My son arrived at the departure gate 45minutes before the departure time shown on the airport signage.
The EasyJet ticket issuing person also confirmed to my son when he checked in that he had to be at the gate 40min before the departure time shown on the airport signs (billboard).
The flight was delayed however when my son arrived at the gate 45min before the displayed departure time he was refused access to the plane and the luggage was removed.

EasyJet did as follows:

  1. refused my son from recording (filming) his discussion with the EasyJet personal (within their rights/ EasyJet personal are entitled to ask a person to stop this and my son complied)

  2. refused to look for an alternative flight

  3. have up to now refused to pay back the airfare as well as the cost for additional luggage

  4. Easyjet have confirmed in writing that the boarding is 30min prior to departure as shown on the airport signs but advise that the Toulouse Airport company made an error although they have confirmed telephonically that the revised departure time on their system was 09H00 (I have asked that they keep a record of my telephone recording)

  5. EasyJet keep on referring to their travel insurance however why is the onus on the passenger if they have not complied with their instructions.

My question is would we have recourse and who would be the best people to contact in light of the above.

  • 1
    Do I understand correctly that he showed up at the gate 45 prior to the delayed time, rather than the scheduled time? What was the delay? – Bernhard Sep 24 '17 at 12:42
  • 7
    According to the EasyJet terms and conditions, the rule is actually 30 minutes, but from the scheduled departure time, which I interpret as the time at which the flight was originally scheduled to depart, were it not for the delay. See 12.4.1 in that document. So your #4 is either a variation from their written contract, or a misunderstanding. – Nate Eldredge Sep 24 '17 at 14:07
  • 5
    This happens from time to time. I don’t think you’ll get very far with customer service and the travel insurance is a red herring. I have seen a few English court cases where the customer successfully sued the airline on the basis of breach of contract as he arrived at the stated time but transportation was not offered, his damages being the cost of the walk up fare he incurred. You may want to consider that option, but you will need to be on very firm ground about timings before you continue. I’ll look them up if you’re interested. – Calchas Sep 24 '17 at 17:03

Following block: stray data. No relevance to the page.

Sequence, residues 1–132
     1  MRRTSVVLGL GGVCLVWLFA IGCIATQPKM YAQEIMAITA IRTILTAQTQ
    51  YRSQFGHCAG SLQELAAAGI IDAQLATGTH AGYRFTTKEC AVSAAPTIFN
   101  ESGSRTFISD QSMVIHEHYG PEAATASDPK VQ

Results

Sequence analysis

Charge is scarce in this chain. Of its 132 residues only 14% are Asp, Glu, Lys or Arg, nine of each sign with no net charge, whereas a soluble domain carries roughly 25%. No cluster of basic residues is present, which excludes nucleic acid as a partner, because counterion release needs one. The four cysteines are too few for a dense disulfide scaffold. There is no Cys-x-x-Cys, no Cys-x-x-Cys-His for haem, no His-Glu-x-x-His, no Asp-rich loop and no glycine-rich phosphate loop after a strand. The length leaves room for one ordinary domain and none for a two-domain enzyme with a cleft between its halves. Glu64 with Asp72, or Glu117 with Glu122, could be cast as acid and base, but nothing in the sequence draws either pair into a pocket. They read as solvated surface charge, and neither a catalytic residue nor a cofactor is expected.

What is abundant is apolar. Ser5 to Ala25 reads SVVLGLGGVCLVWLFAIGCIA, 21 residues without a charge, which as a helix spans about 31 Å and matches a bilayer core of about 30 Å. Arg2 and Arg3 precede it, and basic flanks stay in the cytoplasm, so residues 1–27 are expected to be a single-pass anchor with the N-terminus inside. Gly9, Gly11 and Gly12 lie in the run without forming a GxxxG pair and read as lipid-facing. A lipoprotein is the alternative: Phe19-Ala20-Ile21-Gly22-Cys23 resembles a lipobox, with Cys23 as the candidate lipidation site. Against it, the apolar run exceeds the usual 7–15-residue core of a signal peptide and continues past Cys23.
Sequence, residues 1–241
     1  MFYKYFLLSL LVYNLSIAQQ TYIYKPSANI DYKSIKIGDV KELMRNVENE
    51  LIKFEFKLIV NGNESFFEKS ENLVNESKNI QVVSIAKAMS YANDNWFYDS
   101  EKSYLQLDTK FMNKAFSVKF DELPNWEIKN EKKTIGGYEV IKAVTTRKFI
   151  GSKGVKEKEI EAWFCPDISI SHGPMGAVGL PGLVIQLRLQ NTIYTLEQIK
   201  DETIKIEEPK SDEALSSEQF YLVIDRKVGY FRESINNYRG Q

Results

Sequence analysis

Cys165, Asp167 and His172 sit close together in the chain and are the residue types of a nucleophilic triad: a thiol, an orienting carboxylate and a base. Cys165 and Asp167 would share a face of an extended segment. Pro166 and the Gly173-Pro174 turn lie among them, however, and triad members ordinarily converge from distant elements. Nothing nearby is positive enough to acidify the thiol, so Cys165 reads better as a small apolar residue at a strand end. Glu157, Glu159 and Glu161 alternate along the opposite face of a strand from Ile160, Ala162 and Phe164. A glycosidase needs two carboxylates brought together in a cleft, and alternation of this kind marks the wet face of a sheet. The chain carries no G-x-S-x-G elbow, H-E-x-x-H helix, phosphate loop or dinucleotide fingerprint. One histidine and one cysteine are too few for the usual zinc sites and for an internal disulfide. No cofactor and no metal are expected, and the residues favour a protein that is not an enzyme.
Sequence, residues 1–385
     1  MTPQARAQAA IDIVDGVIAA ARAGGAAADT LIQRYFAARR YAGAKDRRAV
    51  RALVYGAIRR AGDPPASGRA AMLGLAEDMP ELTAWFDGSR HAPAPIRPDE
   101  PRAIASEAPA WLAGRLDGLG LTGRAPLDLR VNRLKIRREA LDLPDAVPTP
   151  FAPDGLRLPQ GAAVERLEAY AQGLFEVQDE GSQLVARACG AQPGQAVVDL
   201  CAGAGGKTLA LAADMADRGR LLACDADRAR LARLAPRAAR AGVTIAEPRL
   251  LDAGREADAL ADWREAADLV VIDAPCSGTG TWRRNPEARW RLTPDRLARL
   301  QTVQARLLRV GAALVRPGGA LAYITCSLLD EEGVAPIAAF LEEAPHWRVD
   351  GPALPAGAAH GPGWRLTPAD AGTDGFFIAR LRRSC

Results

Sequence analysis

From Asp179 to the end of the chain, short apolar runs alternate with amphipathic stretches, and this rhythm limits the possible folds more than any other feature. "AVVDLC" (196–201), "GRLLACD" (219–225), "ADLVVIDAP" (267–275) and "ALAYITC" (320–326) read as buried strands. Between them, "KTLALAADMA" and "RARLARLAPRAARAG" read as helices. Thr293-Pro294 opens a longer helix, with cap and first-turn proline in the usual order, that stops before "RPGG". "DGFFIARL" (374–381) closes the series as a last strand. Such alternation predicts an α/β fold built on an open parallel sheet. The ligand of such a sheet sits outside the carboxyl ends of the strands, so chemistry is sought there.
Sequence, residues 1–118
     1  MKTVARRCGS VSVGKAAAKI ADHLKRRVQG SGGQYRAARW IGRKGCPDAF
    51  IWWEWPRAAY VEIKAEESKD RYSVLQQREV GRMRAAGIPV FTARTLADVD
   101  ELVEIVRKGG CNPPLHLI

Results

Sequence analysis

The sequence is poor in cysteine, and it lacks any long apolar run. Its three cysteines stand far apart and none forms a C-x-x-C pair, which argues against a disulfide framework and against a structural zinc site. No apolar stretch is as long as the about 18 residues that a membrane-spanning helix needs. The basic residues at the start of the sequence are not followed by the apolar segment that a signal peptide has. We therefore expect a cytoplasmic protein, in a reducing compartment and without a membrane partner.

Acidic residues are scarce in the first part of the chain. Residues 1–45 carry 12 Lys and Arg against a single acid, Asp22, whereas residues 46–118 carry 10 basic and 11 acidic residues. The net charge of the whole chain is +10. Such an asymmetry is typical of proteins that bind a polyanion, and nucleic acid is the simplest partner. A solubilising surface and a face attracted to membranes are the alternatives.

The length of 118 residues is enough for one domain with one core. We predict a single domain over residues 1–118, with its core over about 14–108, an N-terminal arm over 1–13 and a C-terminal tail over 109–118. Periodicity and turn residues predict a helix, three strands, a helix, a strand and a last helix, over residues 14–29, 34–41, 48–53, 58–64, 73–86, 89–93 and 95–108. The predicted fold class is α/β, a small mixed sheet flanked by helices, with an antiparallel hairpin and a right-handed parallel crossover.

Pre-flight time limits are always based on the originally scheduled departure time, these include both check in close and arrive at the gate by times. The fact that a flight is delayed does not waive these time conditions, primarily because the airline will do what it can to get the flight to depart as close to scheduled departure as it can.

It sounds like your son made the mistake of assuming he could do as he pleases during the delay. This is never a good idea, because the revised departures times are "estimated" and may happen sooner than posted.

There is really no recourse other than writing a polite message, explaining what occurred and asking for their assistance. Maybe you will get a sympathetic ear, maybe not. But it sounds like the airline did nothing wrong based on the terms of your contract with them.

Your Answer

By clicking “Post Your Answer”, you agree to our terms of service, privacy policy and cookie policy

Not the answer you're looking for? Browse other questions tagged or ask your own question.